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Korea's FTC likely to Decide next week whether to Pursue a case against Apple for Ad-Cost Dumping on local mobile carriers

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In late 2017 Patently Apple posted a report titled "Korea's FTC Investigating Wireless Carrier Complaints about Apple's Unfair Advertising Policies," followed by a 2018 report titled "Korea's Wireless Carriers Rev Up their War against Apple's Promotions Policy with Threats of Legal Action and more."


It's being reported today that Korea's Fair Trade Commission (FTC) will hold a meeting next week to decide whether the antitrust agency will accept Apple Korea's pledge to fix its alleged ad cost dumping on local mobile carriers.


The meeting has been drawing attention as it will decide whether the FTC will continue to investigate allegations that the U.S. tech giant has abused its market power over telecom providers, or close the case without questioning the illegality of such a practice. Chairwoman Cho Sung-wook has already hinted that she will take a closer look into the case.


According to the FTC, Cho will convene the meeting Sept. 25 to decide whether to accept Apple Korea's filing of a consent decree regarding the company allegedly abusing its market power in deals with the carriers.


The timing of this is important as Apple will be launching new iPhone starting this Friday. Local wireless carriers want to know if they will be forced to continue to pay for ads and services imposed on them by Apple or whether major changes will be made to alter Apple's advertising policies taking effect immediately.


An FTC official told the Korean publication that "Apple Korea's filing of a consent decree will be discussed at the meeting, but we cannot guarantee whether a decision will be made or if they will schedule additional meetings. There is no rule on how many meetings could take place.


The case entered a new chapter in June, after the FTC announced that Apple Korea had filed a consent decree, a "partial surrender" that meant it would end some of the problematic practices. The FTC did not reveal the details of Apple Korea's filing, but it was assumed to contain a plan to revise contracts with the local telecom firms over advertising costs.


If the FTC accepts the filing and begins the consent decree process, Apple Korea will carry out the corrective measures and the commission will close the case. If the FTC rejects the filing, however, its investigation will continue.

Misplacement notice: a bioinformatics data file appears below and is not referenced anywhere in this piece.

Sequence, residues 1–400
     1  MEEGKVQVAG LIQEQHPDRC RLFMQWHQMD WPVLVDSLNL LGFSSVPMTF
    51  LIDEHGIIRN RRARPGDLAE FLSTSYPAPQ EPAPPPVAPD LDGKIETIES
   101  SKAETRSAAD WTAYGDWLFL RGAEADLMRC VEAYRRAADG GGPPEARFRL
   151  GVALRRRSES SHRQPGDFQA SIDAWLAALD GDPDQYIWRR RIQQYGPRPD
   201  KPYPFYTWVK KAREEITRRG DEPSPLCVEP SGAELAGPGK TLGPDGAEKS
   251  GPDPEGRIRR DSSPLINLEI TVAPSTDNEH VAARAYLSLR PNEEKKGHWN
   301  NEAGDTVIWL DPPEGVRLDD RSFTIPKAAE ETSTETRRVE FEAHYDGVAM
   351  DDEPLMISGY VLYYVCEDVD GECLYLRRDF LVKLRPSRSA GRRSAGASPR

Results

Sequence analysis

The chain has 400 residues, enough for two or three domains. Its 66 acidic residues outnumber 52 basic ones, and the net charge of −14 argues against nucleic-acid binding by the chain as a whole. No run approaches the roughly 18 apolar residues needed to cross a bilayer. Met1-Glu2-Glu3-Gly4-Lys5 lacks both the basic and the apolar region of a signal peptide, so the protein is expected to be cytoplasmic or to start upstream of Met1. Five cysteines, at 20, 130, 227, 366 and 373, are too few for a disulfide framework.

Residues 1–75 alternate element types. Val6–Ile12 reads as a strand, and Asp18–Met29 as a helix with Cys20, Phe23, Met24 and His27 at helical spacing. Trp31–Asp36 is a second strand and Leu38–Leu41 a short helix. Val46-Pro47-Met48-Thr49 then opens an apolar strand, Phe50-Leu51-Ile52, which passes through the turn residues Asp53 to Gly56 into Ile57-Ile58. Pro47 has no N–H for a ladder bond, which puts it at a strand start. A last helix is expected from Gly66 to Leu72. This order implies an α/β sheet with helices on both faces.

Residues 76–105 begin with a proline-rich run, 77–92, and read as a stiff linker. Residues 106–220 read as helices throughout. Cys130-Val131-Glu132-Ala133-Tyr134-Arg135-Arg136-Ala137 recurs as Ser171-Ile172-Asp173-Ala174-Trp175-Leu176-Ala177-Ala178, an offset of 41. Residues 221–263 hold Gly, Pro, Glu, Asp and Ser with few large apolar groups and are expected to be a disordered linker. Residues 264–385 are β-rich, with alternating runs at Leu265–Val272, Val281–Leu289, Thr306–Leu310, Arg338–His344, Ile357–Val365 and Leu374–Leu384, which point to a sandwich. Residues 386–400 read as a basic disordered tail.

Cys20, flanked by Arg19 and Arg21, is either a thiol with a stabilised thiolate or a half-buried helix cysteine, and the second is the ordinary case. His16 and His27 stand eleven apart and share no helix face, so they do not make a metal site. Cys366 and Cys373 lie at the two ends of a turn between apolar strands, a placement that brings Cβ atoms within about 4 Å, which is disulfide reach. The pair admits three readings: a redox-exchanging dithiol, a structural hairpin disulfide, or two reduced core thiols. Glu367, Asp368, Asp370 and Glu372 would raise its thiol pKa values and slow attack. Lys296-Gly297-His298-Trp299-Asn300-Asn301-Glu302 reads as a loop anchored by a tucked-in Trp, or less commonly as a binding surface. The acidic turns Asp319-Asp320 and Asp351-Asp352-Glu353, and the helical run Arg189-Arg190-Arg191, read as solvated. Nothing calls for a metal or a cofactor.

"If the FTC rejects the filing, it can become another global precedent finding the U.S. tech giant's business practice as unfair, since Apple uses similar policies of passing on iPhone marketing costs in other countries," an official at a local telecom company said.


But chances of the case being closed are not high, given that Cho has already stressed the importance of the case. In a press conference as a nominee last month, she mentioned the ongoing FTC cases of Apple, Google and Naver and pledged the agency would take a closer look into them.


The track record of the FTC's acceptance of consent decrees is not on Apple's side. Since December 2016, the agency has dismissed four filed by Qualcomm, Hyundai Mobis, LS Group and Golfzon. When the FTC dismissed Qualcomm's request in December 2016, it said it would not accept critical and obvious illegalities in consent decrees.


Other countries have already taken a hard stance on Apple. In April 2016, France fined the company 48.5 million euros (64 billion won) for having mobile carriers pay for ads. In 2013, Taiwan slapped a 700 million won fine on the company Apple for controlling iPhone prices.


Apple Korea has been passing on TV commercial costs for its iPhones and iPads to SK Telecom, KT and LG Uplus. The carriers are also shouldering the costs of a "free" repair service. The wireless carriers are claiming Apple has abused its superior position to force them to do this.


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